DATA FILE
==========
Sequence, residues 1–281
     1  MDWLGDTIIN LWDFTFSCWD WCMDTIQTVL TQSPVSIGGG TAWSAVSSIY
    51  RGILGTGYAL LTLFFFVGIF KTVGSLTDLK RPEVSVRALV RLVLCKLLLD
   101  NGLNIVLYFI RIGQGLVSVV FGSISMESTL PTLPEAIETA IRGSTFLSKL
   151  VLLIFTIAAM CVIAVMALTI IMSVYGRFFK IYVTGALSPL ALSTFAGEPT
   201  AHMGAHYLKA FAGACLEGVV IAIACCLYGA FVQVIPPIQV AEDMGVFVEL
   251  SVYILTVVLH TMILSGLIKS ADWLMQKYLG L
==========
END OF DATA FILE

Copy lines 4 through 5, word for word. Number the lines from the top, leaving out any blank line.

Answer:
   101  NGLNIVLYFI RIGQGLVSVV FGSISMESTL PTLPEAIETA IRGSTFLSKL
   151  VLLIFTIAAM CVIAVMALTI IMSVYGRFFK IYVTGALSPL ALSTFAGEPT